Philosopher Alasdair MacIntyre puts Nietzsche in a high place in the history of philosophy. While criticizing nihilism and Nietzsche together as a sign of general decay, he still commends him for recognizing psychological motive behinds Kant and Hume's moral philosophy: "For it was Nietzsche's historic achievement to understand more clearly than any other philosopher...not only that what purported to be appeals of objectivity were in fact expressions of subjective will, but also the nature of the problems that this posed for philosophy." Among his critique of traditional philosophy of Kant, Descartes and Plato in Beyond Good and Evil, Nietzsche attacked thing in itself and cogito ergo sum (I think, therefore I am) as unfalsifiable beliefs based on naive acceptance of previous notions and fallacies.
The Will To Power
A basic element in Nietzsche's philosophical outlook is the will to power (der Wille zur Macht), which provides a basis for understanding human behavior — more so than competing explanations, such as the ones based on pressure for adaptation or survival. As such, according to Nietzsche, the drive for conservation appears as the major motivator of human or animal behavior only in exceptions, as the general condition of life is not one of emergency, of 'struggle for existence'. More often than not, self-conservation is but a consequence of a creature's will to exert its strength on the outside world.
In presenting his theory of human behavior, Nietzsche also addressed, and attacked, concepts from philosophies popularly embraced in his days, such as Schopenhauer's notion of an aimless will or that of utilitarianism. Utilitarianists claim that what moves people is mainly the desire to be happy, to accumulate pleasure in their lives. But such a conception of happiness Nietzsche rejected as something limited to, and characteristic of, the bourgeois lifestyle of the English society, and instead put forth the idea that happiness is not an aim per se — it is instead a consequence of a successful pursuit of one's aims, of the overcoming of hurdles to one's actions — in other words, of the fulfillment of the will.
“What if a demon were to creep after you one night, in your loneliest loneliness, and say, ‘This life which you live must be lived by you once again and innumerable times more; and every pain and joy and thought and sigh must come again to you, all in the same sequence. The eternal hourglass will again and again be turned and you with it, dust of the dust!’ Would you throw yourself down and gnash your teeth and curse that demon? Or would you answer, ‘Never have I heard anything more divine’?” - Nietzsche's The Gay Science
Eternal return (also known as "eternal recurrence") is a concept which posits that the universe has been recurring, and will continue to recur, in a self-similar form an infinite number of times across infinite time or space. It is a purely physical concept concept, involving no supernatural reincarnation, but the return of beings in the same bodies. The idea of eternal return occurs in a parable in Section 341 of The Gay Science, and also in the chapter "Of the Vision and the Riddle" in Thus Spoke Zarathrustra. Nietzsche contemplates the idea as potentially "horrifying and paralyzing", and says that its burden is the "heaviest weight" imaginable ("das schewerste Gewicht"). The wish for the eternal return of all events would mark the ultimate affirmation of life, a reaction to Schopenhauer's praise of denying the will‐to‐live. To comprehend eternal recurrence in his thought, and to not merely come to peace with it but to embrace it, requires amor fati, "love of fate".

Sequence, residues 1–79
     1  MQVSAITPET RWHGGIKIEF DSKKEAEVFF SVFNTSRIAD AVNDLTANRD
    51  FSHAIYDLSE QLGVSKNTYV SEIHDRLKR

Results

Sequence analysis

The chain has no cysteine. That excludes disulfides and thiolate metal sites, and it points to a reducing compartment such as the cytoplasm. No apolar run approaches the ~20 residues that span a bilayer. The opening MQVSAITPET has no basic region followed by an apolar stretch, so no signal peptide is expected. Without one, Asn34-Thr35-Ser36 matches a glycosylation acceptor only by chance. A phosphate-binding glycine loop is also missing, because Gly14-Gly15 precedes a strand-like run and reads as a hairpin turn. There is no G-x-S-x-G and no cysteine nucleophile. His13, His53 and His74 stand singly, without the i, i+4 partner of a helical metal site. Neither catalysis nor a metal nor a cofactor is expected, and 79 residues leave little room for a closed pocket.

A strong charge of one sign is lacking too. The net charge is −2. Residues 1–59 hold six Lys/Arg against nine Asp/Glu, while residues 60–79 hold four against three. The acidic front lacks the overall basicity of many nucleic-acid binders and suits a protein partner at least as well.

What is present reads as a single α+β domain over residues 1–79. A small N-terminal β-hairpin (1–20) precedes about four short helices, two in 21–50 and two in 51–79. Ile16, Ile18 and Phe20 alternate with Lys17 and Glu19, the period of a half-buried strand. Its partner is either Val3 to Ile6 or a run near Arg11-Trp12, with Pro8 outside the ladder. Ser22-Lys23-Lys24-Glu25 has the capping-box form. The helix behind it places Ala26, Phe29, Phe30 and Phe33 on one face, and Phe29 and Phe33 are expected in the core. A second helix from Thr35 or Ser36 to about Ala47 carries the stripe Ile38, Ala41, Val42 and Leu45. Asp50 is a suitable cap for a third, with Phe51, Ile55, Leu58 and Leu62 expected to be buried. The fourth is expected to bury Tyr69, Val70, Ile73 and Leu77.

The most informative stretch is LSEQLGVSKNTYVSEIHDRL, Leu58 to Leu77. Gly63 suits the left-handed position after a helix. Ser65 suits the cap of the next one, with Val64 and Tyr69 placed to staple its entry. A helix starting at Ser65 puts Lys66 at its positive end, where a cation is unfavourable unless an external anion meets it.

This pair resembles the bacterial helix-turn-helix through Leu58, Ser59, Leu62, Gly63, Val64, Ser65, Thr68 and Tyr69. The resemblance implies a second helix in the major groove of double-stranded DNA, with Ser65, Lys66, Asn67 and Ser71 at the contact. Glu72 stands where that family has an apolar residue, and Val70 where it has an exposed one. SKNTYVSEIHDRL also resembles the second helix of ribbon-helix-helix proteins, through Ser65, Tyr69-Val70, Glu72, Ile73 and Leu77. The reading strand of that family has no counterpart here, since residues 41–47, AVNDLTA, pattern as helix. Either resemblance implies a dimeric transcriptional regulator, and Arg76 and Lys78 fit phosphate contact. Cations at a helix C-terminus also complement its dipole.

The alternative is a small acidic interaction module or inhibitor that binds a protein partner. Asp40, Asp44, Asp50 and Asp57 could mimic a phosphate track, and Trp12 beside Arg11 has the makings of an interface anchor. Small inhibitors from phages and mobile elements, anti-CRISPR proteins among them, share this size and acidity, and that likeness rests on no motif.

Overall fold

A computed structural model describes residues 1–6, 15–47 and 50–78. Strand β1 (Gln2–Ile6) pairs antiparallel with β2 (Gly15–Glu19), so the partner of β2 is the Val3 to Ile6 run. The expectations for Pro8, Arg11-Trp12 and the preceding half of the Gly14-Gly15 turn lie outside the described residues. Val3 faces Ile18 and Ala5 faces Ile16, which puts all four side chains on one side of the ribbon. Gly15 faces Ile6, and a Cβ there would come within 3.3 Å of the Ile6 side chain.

"I teach you the overman. Man is something that shall be overcome. What have you done to overcome him?... All beings so far have created something beyond themselves; and do you want to be the ebb of this great flood, and even go back to the beasts rather than overcome man? What is Ape to man? A laughing stock or painful embarrassment. And man shall be that to overman: a laughingstock or painful embarrassment. You have made your way from worm to man, and much in you is still worm.  Once you were apes, and even now, too, man is more ape than any ape... The overman is the meaning of the earth. Let your will say: the overman shall be the meaning of the earth... Man is a rope, tied between beast and overman—a rope over an abyss ... what is great in man is that he is a bridge and not an end." Thus Spoke Zarathustra (Prologue, §§3–4)
Zarathustra contrasts the overman with the last man of egalitarian modernity (most obvious example being democracy), an alternative goal which humanity might set for itself. The last man is possible only by mankind's having bred an apathetic creature who has no great passion or commitment, who is unable to dream, who merely earns his living and keeps warm. This concept appears only in Thus Spoke Zarathustra, and is presented as a condition that would render the creation of the overman impossible.
- Modern science says that's true. We have the brains of worms – Pharyngula